Fit to Eat: Signs of Eating Disorders and How to Give Help
07 Jun 2018
Have you noticed something odd in somebody’s behaviour lately? Maybe it’s your close friend or one of your family members. Do you see radical changes in their daily life – their eating habits, in particular? If yes, they might be suffering from an eating disorder.
It’s hard when you see your loved ones suffering, and it’s even harder when you don’t know what to do to help them. To help you assist your loved ones through this time, read on to know more about eating disorders, and what you can do to support them.
What is an eating disorder?
You can determine that a person has an eating disorder if you notice distinct changes in a person’s eating habits. The person may also always be overly concerned about weight and body shape.
Most people are concerned about their weight, but some people are extremely bothered by it, to the point of going on very rigid diets, and carefully counting their calorie intake. They might be too conscious that they look too fat or too thin. That’s why they change their eating pattern to achieve the body they want.
Eating disorders stem from a person’s opinion of their body image. Other people’s opinions can also influence their views of how their body looks. If they are not satisfied with what they see, or gets bullied for their looks, they are prone to eating disorders.
Eating disorders take several forms, and here are the most common types that you can observe in people.
• Binge Eating
People who binge eat consume a massive amount of food over a short period of time. They can’t control their food intake, and they usually feel guilty about eating so much, but they don’t do anything about it.
Binge eaters consume food more rapidly than ordinary people, and they’ll keep eating even when they feel they’re already full. They also eat even when they’re not feeling hungry, but tend to hide when eating because they feel ashamed of their excessive eating.
Bulimia shares some signs of binge eating, such as the excessive eating of food on a short period. The difference with bulimia is that people purge after eating a lot. Purging includes vomiting, or you might also see laxatives around the house.
People with bulimia often disappear after meals, most likely to bring up the food they ate. They don’t eat a lot at regular meals, and they appear uncomfortable when eating with other people.
• Anorexia Nervosa
Anorexic people aren’t necessarily thin, contrary to popular belief. However, they are usually underweight, and are always in fear of gaining more weight. You’ll hear them talk about their looks, and how much calorie intake should they have.
They also won’t acknowledge the fact that they look unhealthy, and deny their bodies of food even when they’re hungry. They can cook food for others, but they won’t eat any of it. They will also have various excuses so that they can skip their meals.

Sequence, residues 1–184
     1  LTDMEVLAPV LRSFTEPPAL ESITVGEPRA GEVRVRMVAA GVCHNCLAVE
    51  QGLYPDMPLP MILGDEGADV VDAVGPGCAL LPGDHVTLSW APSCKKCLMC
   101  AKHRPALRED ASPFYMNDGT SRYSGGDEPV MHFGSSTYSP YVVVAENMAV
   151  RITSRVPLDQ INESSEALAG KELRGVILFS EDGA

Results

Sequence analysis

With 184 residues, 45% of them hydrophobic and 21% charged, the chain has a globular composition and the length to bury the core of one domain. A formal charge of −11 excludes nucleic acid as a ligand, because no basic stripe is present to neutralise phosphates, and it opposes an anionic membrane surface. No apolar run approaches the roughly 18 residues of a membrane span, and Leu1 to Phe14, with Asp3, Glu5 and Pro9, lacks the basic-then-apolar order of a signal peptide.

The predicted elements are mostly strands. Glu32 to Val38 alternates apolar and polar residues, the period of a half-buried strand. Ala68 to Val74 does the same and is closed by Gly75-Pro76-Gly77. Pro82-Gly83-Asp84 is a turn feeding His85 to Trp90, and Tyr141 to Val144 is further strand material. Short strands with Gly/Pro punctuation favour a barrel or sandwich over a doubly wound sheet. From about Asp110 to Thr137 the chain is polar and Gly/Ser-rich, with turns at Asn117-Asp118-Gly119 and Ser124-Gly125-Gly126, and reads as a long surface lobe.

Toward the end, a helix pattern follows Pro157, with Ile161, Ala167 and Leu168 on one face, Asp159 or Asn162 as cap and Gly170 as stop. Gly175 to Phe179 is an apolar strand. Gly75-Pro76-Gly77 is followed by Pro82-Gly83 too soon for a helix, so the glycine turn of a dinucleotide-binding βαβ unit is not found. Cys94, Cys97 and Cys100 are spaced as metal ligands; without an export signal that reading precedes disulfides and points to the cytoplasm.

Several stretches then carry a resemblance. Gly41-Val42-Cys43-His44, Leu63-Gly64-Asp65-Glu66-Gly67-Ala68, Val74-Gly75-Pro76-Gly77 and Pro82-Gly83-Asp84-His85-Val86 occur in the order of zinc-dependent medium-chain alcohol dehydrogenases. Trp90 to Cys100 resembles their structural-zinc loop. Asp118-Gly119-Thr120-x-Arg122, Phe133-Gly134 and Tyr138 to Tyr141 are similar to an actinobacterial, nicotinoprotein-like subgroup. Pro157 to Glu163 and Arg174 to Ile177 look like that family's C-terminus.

How can you help people with eating disorders?
If you see the previous signs of someone close to you, you know that you have to act. Here are tips on how you can help someone with eating disorders.
• Identify the signs
If you see the signs, don’t immediately confront the person. Observe for a while, and establish a close connection if you want to help. However, be careful in your observations, and make sure the person has an eating disorder.
• Don’t rely on stereotypes
People can have eating disorders, yet you can’t see the signs. They might have anorexia, but they’re not overly thin. Some of them also try to hide their bodies. So careful observation will help you determine if someone has an eating disorder.
• Give love, not hate
It’s good to confront somebody, especially if you’re 100% they have an eating disorder. However, show concern, and don’t attack them or make them feel guilty or weak because they are going through something.
• Don’t manipulate or threaten them
Don’t push them to do something if they are not ready. You might try bargaining with them, or offering rewards. These will not help.
Don’t threaten them, too. Don’t say that you won’t be a friend anymore, or you’re exhausted in helping them. Don’t show negativity. Instead, shower them with positivity.
• Encourage them to get professional help
If you see that somebody needs professional help, help them understand that they need care. A lot of centres like Aurora Recovery Centre help people with eating disorders.
Eating disorders can gradually harm somebody’s life. If you see signs of someone eating a lot at random times, or going to the bathroom and vomiting after every meal, these can be your cues. Observe them, and make sure to help them in the best way possible.
Don’t attack them, or make them feel bad when you confront them. Be loving and caring, and offer help if you can. If your loved ones need professional help, encourage them.